Back in the 20’s and 30’s gay men used the practice of wearing different colored scarves to identify themselves as gay so that they were able to meet other men. This was mainly a sexual practice, but the gay movement during that time period was very underground. Men and women that identified as gay or lesbian met in special locations with other people like them in order to socialize and be themselves.
It was obviously much more taboo back then and even though we’ve come very far in terms of a lot of rights, there is still a long way to go.
Reading articles and news clipping about the kids that killed themselves over the past few weeks due to being tormented shows us that hate towards people that are different than the norm is still very prevalent.
The saying goes that “if you don’t learn from history, then you are destined to repeat it.” And that is never truer than right now. Throughout history there has always been one group that was targeted and discriminated against more than others. In the 40’s it was the Jews during WWII, In the 60’s it was the blacks during the civil rights movement and today a lot of focus is put on gay people. Whether its gay marriage, family values or the disgust that people feel because of it.
The funny thing is that I’m confident that in time when I’m old, we’ll look back on this and say to ourselves “don’t you remember when.” We’ll see how stupid and unfair we all were to gay people for something that they had no control over. I’m not asking someone that’s black to be white, or a catholic to become Jewish. I’m not asking for anyone to be something that they are not, so leave me alone and let me live my life because I let you live yours.
Whatever it is that someone does in the privacy of their bedroom is their business and no one else’s. Who is the “perverted” one, the gay person that keeps their business to themselves in their home or the person that is so against it that they fixate on it and obsess? – much like the assistant attorney general in Michigan. Why is it that he is so obsessed with this young student?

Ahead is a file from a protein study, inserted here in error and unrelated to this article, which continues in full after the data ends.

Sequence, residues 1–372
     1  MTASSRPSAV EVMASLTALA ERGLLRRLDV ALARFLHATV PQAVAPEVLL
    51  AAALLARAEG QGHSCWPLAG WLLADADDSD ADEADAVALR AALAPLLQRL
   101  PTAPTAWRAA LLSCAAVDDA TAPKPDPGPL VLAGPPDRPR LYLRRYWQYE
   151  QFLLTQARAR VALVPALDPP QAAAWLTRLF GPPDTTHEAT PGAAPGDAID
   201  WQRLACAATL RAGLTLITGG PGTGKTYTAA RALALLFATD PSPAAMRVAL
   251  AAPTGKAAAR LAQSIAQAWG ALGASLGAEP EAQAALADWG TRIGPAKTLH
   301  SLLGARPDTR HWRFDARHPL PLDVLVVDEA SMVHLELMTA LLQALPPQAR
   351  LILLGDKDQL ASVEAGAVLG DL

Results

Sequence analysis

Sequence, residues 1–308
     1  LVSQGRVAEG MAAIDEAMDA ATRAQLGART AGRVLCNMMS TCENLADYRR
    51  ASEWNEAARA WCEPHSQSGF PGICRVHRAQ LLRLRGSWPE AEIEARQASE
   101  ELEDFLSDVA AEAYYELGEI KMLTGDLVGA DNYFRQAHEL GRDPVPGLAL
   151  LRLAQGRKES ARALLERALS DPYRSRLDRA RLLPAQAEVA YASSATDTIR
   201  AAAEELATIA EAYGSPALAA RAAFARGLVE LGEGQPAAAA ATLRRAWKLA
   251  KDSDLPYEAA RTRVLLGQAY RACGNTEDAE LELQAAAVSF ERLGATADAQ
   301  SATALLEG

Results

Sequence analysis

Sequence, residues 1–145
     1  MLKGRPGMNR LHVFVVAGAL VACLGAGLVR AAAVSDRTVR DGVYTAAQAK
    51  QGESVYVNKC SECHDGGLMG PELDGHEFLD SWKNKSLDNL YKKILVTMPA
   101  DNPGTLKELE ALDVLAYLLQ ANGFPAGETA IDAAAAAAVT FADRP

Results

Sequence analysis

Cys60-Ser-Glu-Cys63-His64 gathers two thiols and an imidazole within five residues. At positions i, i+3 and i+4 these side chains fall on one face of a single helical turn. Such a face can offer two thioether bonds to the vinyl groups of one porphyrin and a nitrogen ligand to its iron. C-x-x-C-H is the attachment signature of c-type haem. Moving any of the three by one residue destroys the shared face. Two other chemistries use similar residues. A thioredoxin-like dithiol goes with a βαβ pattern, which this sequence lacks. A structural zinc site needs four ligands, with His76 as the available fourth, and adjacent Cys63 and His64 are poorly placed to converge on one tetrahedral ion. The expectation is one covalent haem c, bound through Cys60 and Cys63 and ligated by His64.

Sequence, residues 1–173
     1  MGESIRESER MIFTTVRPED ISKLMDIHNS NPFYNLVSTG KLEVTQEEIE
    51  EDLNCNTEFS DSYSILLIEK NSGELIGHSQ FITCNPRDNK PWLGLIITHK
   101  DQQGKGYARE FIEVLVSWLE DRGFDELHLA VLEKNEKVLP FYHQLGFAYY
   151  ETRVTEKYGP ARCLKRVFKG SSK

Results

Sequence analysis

I hope that any person out there, young or old, knows that yes things are hard. It takes a lot to be comfortable with yourself, but you can do it. It may not be your family or the friends that you have now, but somewhere you have a support system! Trust me, it’s out there! It can be hard to find, I know from experience, but know that if you ever need it, I’m here too.
When I was in high school I used to come home and cry some days at the thought of having to wait one more day before I was able to fully be myself, but the thing is that I had hope that things would get better and they have. A thousand times better than I could have imagined as that 17-year-old kid.
I know that National Coming Out day came and passed and I’m sure for many people that day was not that day for them. Whether you aren’t ready or you just can’t come out right now, please have hope that things will get better. Know that they will!
Justin is a 23 year old senior at Virginia Commonwealth University. He is working on his bachelors in English and looking for Mr. Right. You can read more about his escapades in dating at his personal blog, "A Gay College Guy in Virginia".
“He was the lead organizer during the March on Washington, and yet you rarely hear his name mentioned. It is in part because he was a gay man in a time when that was difficult to talk about in society.”August 31, 2015
- I’m Sick of Hearing About ‘the Gays’, May 14, 2014
- Californians, gay rights advocates worldwide remember Harvey Milk, May 23, 2013
- LGBT advocates disagree over Queen’s support of gay rights, March 12, 2013
- Pioneering Virginia-born LGBTQ activist and biologist Dr. Walter Sheppe has past away
- Fox & Friends mocks anti-bullying book after conservatives force schools to remove it
- Drag Queen Coco Peru on crafting a lasting character ahead of two SOLD OUT RTP shows
- Progressive ally Tom Perriello offers alternative in Virginia’s 2017 Gubernatorial primary
- VCU Police and Richmond TDOR team up for tree planting to commemorate lives lost to anti-LGBTQ violence